Alexander Zverev Wins Gold at the Olympics Men’s Tennis Singles Final

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Today, on the final afternoon of the men’s singles tennis schedule at the 2020 Tokyo Olympics, the German fifth-seeded player Alexander Zverev stormed to victory against Karen Khachanov, representing Russia. In a stunning finale that saw Zverev take the match in just 79 minutes and two sets, Zverev beat Khachanov 6-3, 6-1.

It caps what has been one of the most impressive showings of Zverev’s career, with the rising tennis star losing just one set across the entire tournament in his nail-biting semifinal against the first-seeded Serbian player Novak Djokovic. Not only was this victory something of a surprise win, but it also marked the end of Djokovic’s journey to achieving the Golden Slam this year, after he took home the top prizes at the Australian Open, French Open, and Wimbledon Championships. 

Silver medalist Karen Khachanov of Team ROC, gold medalist Alexander Zverev of Team Germany, and bronze medalist Pablo Carreño Busta of Team Spain pose on the podium during the medal ceremony for the tennis men’s singles today at Ariake Tennis Park in Tokyo.Photo: Getty Images

After Zverev took to the Olympic podium, he noted that it felt especially significant given he was representing his home country of Germany following his multicultural upbringing. While Zverev’s parents were born in Russia, they moved to Hamburg shortly after the Wall came down; officially a resident of Monaco today, he also spent significant time in Miami as a teenager while training. But as he told Vogue in 2016: “[I feel] more German than anything else.”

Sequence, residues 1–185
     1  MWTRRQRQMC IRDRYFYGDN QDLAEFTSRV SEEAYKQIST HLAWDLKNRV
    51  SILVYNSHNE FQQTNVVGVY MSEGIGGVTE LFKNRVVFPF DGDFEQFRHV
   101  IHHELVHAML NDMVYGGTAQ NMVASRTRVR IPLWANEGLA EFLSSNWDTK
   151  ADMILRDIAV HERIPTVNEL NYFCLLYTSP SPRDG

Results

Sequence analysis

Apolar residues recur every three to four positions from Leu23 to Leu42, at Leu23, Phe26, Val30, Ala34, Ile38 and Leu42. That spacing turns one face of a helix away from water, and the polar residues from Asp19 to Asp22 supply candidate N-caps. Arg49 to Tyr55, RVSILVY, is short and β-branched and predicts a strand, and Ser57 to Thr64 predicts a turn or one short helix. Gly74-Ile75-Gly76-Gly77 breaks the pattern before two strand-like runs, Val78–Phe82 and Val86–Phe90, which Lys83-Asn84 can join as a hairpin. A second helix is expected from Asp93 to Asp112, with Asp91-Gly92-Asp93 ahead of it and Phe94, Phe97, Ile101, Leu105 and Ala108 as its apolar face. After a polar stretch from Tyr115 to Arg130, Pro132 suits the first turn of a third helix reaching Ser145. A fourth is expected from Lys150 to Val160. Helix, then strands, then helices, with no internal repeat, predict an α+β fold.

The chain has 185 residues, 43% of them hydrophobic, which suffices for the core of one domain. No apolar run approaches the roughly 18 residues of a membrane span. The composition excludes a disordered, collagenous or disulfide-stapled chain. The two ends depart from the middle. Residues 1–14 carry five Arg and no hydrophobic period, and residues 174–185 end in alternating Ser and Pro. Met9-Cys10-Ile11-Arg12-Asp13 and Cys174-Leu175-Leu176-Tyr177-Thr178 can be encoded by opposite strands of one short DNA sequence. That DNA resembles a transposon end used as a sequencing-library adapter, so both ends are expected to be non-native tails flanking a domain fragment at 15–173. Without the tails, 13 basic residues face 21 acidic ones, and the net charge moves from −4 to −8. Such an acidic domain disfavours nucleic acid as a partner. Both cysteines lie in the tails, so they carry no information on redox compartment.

It was a sentiment he echoed while speaking to reporters after the match. “This is so much bigger than anything else in sports,” Zverev said. “The gold medal for me, the value for me is incredible because you’re not playing for yourself, you’re playing for your whole country. This is an incredible feeling for me right now.”

Zverev has been earmarked by many in the tennis world as one of the most exciting young players to watch as far back as 2016, with many describing Zverev and his contemporaries Khachanov and Dominic Thiel as representing a new generation of male players with a more creative and unpredictable style, breaking from the slick professionalism of the Big Four who have dominated the men’s tour for more than a decade. 

Karen Khachanov congratulates Alexander Zverev on his victory following their match.Photo: Getty Images

His faceoff today against Khachanov served as ultimate proof—if anyone still needed it, after last year’s thrilling U.S. Open final between Zverev and Thiel that saw the latter eventually take home the top prize—that Zverev and his peers are more than ready to live up to this early potential. While he’s still yet to secure a Grand Slam title, given his steady rise up the ranks to become the world’s fifth-seeded player, don’t be surprised if you see Alexander Zverev taking home trophies elsewhere soon, too.

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